A Father’s Love ~ How To Experience the Real Thing

Have you ever thought about what a father’s love really is? Do you think your father was a good dad? What if I told you that perception really didn’t matter? That despite having the worst “father experience” you still have a chance at having that great, highly valued fatherly relationship.

My Father

Some people are lucky in having a great father, or father figure, in their upbringing. I fall into this category, for which I am forever so grateful for. (Thank you, Jesus!) I’ve alluded to my own father in the past. Which reminds me that I probably need to write a bit more about him in the future. Nevertheless, I had a great, hardworking dad. Yes, he had his faults and shortcomings. Yes, I’m sure my siblings and I could come up with a few grumblings about him. Yet, I’m equally as sure we could all share many stories of his love and devotion for our family. He really was a great dad!

I also really wish everyone could have a great father in their own household while growing up. The lack thereof, simply creates some “holes” that form which can potentially result in life long effects. One of those effects is in developing an inaccurate view of God, our Creator.

Yes, it’s true. Our personal experiences with our own physical father, or father figures, indeed overshadows our view of God. It’s a parallel our mind creates. A type of word association, if you will.

Then there are the weird or incorrect teachings of the Bible that also give us a “wrong” view of who God really is. When it comes to God’s children, everyone who believes in Jesus Christ as the promised Messiah, He is not the fire breathing tormentor some purport Him to be. That is who He is to His enemies, not His children.

Examples of an Awesome Father

Father helping child walk
Photo by Peter Dlhy on Unsplash

Picture this: A good father helping his child learn to walk. He sets her on her feet. Cheering for every slow, feeble step. And when she inevitably fails and falls, he swoops her up and comforts her. Then he speaks words of encouragement as he sets her back on her feet to try again. He doesn’t berate her or call her names for failing at what she is incapable of doing. No. A good father is always excited and encouraging to every tiny accomplishment their child does. Even if that accomplishment is simply learning to walk.

Father son fishing on a beach
Photo by Derek Owens on Unsplash

What about fishing?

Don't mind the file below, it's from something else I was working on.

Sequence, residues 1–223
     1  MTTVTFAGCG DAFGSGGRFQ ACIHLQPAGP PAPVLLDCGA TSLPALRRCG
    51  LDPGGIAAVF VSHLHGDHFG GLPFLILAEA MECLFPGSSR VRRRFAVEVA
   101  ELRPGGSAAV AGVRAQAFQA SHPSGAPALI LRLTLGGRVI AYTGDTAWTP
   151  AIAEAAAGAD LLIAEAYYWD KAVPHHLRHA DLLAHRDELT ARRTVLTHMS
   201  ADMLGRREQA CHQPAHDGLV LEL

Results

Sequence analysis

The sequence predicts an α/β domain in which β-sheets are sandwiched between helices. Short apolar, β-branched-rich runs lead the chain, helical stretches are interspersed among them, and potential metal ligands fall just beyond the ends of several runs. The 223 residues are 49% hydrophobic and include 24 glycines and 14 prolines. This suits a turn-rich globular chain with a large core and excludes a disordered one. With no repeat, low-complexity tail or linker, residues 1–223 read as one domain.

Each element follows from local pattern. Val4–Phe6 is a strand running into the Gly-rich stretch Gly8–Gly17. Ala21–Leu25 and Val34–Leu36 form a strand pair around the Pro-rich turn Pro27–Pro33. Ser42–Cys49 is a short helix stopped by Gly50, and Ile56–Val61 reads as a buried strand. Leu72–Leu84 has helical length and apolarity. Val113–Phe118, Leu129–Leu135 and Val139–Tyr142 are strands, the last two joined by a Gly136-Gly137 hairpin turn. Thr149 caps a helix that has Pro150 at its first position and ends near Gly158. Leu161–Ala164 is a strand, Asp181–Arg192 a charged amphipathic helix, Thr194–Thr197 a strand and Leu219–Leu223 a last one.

How many times have you seen a father gather all the supplies into the vehicle; the rod, tackle box, even buying the bait are all planned and loaded up. Then he gets everything set up at the desired lake or beach. And, then the father talks encouragingly with their boy about catching his very own first fish. Awesome dad preps the pole, baits the hook, then gently maintains his hold has he hands the rod to his child. Now, Daddy helps his son cast the line into the water. And when the line snags a catch, the father again helps his son real in his “first catch”. The he proudly proclaims his son as a “natural” fisherman! That child is now pumped!

Did you catch that though? The father ultimately did all the work to catch the fish. Yet, he gave his son the experience and all the credit. And the best part of this analogy? Our God is just like that. God invites us in. Sets us up. Cheers us on. Does 90% of the work. Then gives us all the credit. And all we have to do is show up, and ask for His help. He does all the rest. How great is that?!

Those are both great analogies I’ve heard pastors share on multiply occasions, including my pastor on the regular. And the more I walk with my Heavenly Father, the more I experience that very thing. He continually sets me up for success.

The best father analogy yet is this one though.

Years ago the wording in Zephaniah 3:17 along with Exodus 14:14 and Zechariah 2:8 inspired a visceral image before me of a father holding his toddler child in his arms. He calms her fears, wipes her tears, and fiercely protects her from any real or perceived attackers. He laughs with her, and sings over her until all her fears are gone. THAT is the relationship I have with my Lord.

And anytime I am distressed and cry out to Him, I am immediately swept into that image. It is in those distressing times that I become that frightened child being comforted by her loving father. (Of course, nowadays while I’m there I plead for strategies to withstand the forces that previously sent me running to Him in the first place. And He always provides the wisdom and insights I ask for).

So, you see, it doesn’t really matter if you have a good father now, or as a child growing up. The God of Abraham, Isaac, and Jacob, is willing to be that amazing father for you. It is possible. It can be yours simply for the asking.

So, go ahead. Ask. I dare you!


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